The U.S. Securities and Exchange Commission (SEC) is suing cryptocurrency banking company AriseBank, according to public documents.
The Texas-based firm AriseBank, together with its co-founders Jared Rice Sr. and Stanley Ford, is being charged by the U.S. financial watchdog for alleged fraud and issuing unregistered securities during its recent initial coin offering (ICO), according to the latest court filing.
Submitted to the Northern district court of Texas, the complaint was filed on Jan. 25, just one day before the Texas State's Department of Banking announced a cease-and-desist order on AriseBank's operation went into effect.
As reported by CoinDesk previously, AriseBank is a cryptocurrency banking firm that claims to offer several banking products related to cryptocurrency.Its ICO was notably endorsed by former professional boxer Evander Holyfield.
Based on a previous press release dated on Jan. 18, the company started an ICO to launch its own token dubbed AriseCoin around November last year and claimed to have raised over $1 billion through both private and public token sales.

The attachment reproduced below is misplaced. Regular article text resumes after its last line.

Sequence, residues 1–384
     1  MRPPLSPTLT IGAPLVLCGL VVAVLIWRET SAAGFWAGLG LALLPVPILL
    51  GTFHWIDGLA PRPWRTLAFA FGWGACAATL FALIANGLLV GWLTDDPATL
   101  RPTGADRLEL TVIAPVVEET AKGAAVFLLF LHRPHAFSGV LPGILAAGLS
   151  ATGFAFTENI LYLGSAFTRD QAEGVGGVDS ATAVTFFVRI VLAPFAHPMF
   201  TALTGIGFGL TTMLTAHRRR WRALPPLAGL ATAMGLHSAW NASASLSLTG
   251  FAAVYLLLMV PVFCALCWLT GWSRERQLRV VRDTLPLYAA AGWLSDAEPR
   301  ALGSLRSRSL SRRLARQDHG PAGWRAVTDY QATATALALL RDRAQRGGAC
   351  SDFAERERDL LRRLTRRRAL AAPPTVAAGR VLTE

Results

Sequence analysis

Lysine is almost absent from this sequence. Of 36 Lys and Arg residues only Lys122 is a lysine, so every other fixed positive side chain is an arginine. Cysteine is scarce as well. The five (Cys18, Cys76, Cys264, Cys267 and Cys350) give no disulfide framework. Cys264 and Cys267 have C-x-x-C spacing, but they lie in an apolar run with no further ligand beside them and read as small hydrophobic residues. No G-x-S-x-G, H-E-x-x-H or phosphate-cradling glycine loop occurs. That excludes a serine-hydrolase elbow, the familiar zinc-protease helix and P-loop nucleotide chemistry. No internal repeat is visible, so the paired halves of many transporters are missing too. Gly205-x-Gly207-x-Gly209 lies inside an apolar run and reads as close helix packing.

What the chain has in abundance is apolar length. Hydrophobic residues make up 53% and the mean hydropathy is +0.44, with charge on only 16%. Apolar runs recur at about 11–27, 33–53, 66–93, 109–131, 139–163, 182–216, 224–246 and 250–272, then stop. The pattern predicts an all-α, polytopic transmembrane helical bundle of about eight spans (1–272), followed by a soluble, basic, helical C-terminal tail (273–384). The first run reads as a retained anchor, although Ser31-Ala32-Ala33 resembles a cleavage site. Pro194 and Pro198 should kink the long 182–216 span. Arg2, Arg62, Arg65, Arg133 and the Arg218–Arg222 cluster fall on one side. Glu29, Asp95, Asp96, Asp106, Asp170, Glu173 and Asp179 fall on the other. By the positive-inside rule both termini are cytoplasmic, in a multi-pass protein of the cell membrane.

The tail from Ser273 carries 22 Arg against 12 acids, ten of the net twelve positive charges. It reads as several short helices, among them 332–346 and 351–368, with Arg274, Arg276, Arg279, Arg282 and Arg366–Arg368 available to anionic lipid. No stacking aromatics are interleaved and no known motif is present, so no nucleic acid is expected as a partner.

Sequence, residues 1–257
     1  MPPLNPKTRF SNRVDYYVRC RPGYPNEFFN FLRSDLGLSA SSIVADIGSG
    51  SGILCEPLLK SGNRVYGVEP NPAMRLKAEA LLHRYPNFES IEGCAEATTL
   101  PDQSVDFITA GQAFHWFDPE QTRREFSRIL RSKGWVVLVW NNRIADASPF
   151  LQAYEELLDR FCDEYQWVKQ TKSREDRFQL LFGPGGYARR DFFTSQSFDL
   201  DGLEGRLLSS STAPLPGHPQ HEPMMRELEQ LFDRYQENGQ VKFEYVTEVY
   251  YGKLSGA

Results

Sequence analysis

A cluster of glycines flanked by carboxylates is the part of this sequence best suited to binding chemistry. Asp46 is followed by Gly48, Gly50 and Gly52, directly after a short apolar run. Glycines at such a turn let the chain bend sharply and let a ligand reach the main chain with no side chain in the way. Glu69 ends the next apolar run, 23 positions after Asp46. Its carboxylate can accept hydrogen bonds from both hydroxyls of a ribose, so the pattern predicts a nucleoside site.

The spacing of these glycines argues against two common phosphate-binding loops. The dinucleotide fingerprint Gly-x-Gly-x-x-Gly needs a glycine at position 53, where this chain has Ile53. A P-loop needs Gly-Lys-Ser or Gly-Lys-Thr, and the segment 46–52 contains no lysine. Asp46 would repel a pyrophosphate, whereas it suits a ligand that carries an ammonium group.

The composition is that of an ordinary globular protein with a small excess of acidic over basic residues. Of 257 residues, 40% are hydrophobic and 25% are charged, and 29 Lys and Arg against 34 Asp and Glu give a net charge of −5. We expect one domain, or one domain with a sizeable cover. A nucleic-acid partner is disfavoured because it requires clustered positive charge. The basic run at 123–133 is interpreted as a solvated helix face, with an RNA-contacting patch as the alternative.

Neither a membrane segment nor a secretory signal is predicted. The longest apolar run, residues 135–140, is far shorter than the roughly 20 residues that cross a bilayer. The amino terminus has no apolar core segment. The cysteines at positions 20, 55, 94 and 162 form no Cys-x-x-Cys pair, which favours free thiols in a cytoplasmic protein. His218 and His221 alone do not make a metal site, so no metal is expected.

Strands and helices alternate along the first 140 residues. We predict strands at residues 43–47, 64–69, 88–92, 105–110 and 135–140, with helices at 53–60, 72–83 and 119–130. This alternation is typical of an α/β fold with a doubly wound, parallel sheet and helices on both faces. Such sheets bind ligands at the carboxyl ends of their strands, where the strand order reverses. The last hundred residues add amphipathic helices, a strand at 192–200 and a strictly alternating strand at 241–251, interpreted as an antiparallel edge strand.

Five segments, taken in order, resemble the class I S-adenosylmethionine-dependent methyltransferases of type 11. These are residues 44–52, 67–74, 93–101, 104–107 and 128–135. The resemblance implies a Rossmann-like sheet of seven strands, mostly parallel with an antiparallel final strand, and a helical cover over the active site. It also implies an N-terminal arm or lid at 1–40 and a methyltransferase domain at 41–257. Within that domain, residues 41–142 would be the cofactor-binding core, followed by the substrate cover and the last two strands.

According to the filing, SEC says the sale was originally scheduled to conclude on Jan. 27 and argues that the token issuance, which did not exclude residents from the U.S., falls under the scope of securities. Furthermore, since neither AriseBank nor the token – called AriseCoin – was registered with SEC, the agency alleges that the firm has violated securities regulations.
The securities agency also argues that, in order to facilitate its token sale, the company also made false statements to potential investors.
In a Facebook post published on Oct. 4, the firm took direct aim at the SEC in defending its model, stating, "Rather than close our ICOs and shiver in fear, companies like AriseBank have geared up for the coming fight with the SEC."
Disagreeing with SEC's stance that tokens may be considered and regulated as securities, the firm argued:
Also in its Jan. 18 press release, AriseBank detailed that the company was acquiring two FDIC-insured banks, KFMC Bank Holding Company and TPMG.
However, the SEC alleges this information to be false, since neither of the two banks supposedly being purchased was insured by FDIC, the federal agency that insures deposits and oversees financial institutions for consumer protection.
The SEC continued:
SEC image via Shutterstock.
The full court document is shown below:
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